What to Know About Cladosporium Mold

Household mold is a common problem, and Cladosporium mold is one of the most widespread varieties. Learn about Cladosporium and how to eliminate it.

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Outdoor mold growth is an important part of the natural ecosystem, but indoors it’s a sign of excessive moisture and poor indoor air quality. Learn about a large family of molds called Cladosporium, and expand your understanding of household mold and how to deal with it.

What Is Cladosporium Mold?

Cladosporium is a genus of mold with 40 documented species and at least 180 more unnamed species, making it extremely widespread and difficult to identify precisely. Most species show up as black, brown or olive green molds, and are some of the most common molds found outdoors and inside.

Many Cladosporium species grow on decaying plants or even other fungi. When they reach maturity, they release airborne spores which are carried and dispersed by the wind. When this happens, air near a large mold growth can temporarily be thick with spores.

Where Is It Commonly Found?

Like many molds, Cladosporium is found all over the world, with most species preferring temperatures between 65 F and 82 F (18 C and 28 C). It’s most likely to grow in wet, damp or humid areas. Outdoors, Cladosporium is often found on dead or dying plants and rotting organic material. Indoors, it can grow in bathrooms, on carpets, wallpaper, fabrics, wood and painted surfaces.

What Are the Health Effects?

Although most Cladosporium species don’t cause infections in humans, prolonged exposure to the mold or its spores can cause allergies or asthma-like symptoms in healthy people, and significantly worsen existing symptoms in asthmatics.

A few species can also cause infections in the ears, eyes, nose and sinuses. Too much exposure can lead to fungal sinusitis, a condition where fungal matter grows in the nose, mouth and sinus passages, causing excessive mucus buildup, congestion and ongoing headaches. As with other molds, people with pre-existing respiratory issues are most vulnerable to Cladosporium.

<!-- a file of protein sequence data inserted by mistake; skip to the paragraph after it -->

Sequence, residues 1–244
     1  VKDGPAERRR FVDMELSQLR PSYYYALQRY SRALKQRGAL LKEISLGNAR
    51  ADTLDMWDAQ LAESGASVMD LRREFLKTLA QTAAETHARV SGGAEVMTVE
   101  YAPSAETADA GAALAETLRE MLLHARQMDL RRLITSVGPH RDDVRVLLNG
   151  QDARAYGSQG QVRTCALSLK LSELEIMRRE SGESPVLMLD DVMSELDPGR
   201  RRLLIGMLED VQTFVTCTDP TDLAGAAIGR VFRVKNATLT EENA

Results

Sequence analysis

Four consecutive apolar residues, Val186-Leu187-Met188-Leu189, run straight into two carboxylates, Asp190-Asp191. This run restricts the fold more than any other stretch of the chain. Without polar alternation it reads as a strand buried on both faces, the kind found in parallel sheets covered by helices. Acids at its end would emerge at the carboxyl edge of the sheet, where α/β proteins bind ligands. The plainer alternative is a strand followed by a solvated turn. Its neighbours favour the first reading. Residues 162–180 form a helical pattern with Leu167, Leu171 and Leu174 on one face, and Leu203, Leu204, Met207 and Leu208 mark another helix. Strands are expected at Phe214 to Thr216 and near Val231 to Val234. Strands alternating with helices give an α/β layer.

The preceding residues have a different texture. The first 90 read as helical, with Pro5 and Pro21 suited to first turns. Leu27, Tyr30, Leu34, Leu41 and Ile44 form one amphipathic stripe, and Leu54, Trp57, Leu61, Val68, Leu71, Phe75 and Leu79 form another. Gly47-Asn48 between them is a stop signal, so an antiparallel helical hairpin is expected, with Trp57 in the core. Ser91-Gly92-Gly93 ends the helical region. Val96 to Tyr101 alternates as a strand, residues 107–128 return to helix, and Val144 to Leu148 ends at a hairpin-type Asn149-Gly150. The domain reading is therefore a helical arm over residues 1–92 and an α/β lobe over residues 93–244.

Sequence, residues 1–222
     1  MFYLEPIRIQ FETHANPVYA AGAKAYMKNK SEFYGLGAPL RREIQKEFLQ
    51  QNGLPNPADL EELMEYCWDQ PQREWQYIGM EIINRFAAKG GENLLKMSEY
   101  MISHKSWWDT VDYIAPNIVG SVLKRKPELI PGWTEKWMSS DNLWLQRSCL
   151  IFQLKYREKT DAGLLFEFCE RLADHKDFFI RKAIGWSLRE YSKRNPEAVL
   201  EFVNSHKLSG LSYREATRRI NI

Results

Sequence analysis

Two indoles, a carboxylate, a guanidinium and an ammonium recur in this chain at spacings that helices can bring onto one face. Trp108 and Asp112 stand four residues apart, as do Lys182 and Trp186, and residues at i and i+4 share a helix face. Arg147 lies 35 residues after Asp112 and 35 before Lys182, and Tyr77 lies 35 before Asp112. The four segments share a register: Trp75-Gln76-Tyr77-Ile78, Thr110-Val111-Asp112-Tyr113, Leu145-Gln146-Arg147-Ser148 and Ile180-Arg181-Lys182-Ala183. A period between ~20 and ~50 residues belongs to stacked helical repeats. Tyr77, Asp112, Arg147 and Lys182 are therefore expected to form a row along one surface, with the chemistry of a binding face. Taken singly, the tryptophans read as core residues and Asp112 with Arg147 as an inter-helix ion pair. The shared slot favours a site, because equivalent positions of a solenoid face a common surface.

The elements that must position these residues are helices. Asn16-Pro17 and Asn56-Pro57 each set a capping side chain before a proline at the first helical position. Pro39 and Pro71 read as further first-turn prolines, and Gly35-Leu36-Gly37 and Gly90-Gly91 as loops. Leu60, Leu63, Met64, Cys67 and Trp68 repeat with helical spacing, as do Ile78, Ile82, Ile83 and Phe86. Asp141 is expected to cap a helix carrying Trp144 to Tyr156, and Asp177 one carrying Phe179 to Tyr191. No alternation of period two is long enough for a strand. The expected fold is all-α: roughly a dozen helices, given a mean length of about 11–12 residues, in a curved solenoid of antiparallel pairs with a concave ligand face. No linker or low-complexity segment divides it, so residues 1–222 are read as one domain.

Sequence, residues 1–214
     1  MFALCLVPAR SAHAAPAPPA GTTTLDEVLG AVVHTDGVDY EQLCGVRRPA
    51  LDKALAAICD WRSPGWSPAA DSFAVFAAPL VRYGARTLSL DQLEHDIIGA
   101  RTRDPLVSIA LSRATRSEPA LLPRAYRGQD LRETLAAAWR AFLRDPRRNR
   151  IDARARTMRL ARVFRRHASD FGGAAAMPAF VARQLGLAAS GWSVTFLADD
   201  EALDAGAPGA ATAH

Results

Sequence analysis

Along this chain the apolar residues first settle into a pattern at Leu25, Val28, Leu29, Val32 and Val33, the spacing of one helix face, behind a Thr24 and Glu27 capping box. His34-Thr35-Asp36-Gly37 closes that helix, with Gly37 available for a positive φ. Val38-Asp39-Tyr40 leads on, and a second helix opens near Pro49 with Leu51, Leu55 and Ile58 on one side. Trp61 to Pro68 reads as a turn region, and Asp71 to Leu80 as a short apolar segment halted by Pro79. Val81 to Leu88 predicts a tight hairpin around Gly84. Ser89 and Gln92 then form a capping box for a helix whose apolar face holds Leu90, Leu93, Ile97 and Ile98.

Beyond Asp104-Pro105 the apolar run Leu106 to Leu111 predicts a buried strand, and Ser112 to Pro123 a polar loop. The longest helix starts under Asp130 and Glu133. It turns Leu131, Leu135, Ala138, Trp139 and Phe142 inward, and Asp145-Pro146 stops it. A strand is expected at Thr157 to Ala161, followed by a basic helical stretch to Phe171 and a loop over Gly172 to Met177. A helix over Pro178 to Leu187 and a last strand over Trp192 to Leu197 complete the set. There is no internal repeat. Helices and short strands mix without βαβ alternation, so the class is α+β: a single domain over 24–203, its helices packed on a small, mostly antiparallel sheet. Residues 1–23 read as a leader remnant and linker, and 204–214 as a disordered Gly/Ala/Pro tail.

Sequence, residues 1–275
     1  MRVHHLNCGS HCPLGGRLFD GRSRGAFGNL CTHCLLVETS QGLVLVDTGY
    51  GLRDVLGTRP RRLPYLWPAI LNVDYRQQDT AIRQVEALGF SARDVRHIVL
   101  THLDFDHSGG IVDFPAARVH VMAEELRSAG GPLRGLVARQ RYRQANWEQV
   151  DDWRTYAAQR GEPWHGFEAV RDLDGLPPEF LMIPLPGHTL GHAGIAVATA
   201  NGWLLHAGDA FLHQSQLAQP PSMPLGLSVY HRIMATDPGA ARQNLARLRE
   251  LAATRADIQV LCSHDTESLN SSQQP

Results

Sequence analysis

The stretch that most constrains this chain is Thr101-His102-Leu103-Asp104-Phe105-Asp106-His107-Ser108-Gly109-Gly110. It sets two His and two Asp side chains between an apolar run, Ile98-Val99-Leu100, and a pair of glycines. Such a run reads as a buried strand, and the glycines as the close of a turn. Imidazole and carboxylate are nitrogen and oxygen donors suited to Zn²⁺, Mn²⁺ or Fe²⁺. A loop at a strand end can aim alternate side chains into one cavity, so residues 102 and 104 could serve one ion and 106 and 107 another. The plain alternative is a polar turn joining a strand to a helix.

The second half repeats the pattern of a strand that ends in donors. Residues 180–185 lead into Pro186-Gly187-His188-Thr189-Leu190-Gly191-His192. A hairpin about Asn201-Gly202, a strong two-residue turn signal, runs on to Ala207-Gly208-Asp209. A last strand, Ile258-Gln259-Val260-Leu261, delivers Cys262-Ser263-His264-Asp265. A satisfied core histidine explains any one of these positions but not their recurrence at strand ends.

How to Remove and Prevent Cladosporium Mold

The first step to removing any indoor mold, including Cladosporium, is getting rid of the moisture that allowed it to grow. If you have water in your basement, find out why and fix the problem. Got a leaky sink or appliance? Get it repaired.

It’s also possible that your entire home has poor indoor air quality and excessive indoor humidity, due to insufficient ventilation, especially during the winter heating season. In cases like these, open some windows or install a heat recovery ventilator (HRV). These measures will help stop new mold from forming, but won’t kill active Cladosporium spores already there. For that you’ll need a non-toxic registered fungicide such as Concrobium.

Steve Maxwell
Steve Maxwell is an award-winning content creator who has published more than 5,000 articles, shot countless photos and produced video since 1988. Using his experience as a carpenter, builder, stone mason and cabinetmaker, he has created content for Mother Earth News, Reader's Digest, Family Handyman, Cottage Life, Canadian Contractor, Canadian Home Workshop, and many more. Steve lives on Manitoulin Island, Canada with his wife and children in a stone house he built himself. His website gets 180,000+ views each month, his YouTube channel has 58,000+ subscribers and his weekly newsletter is received by 31,000 subscribers each Saturday morning.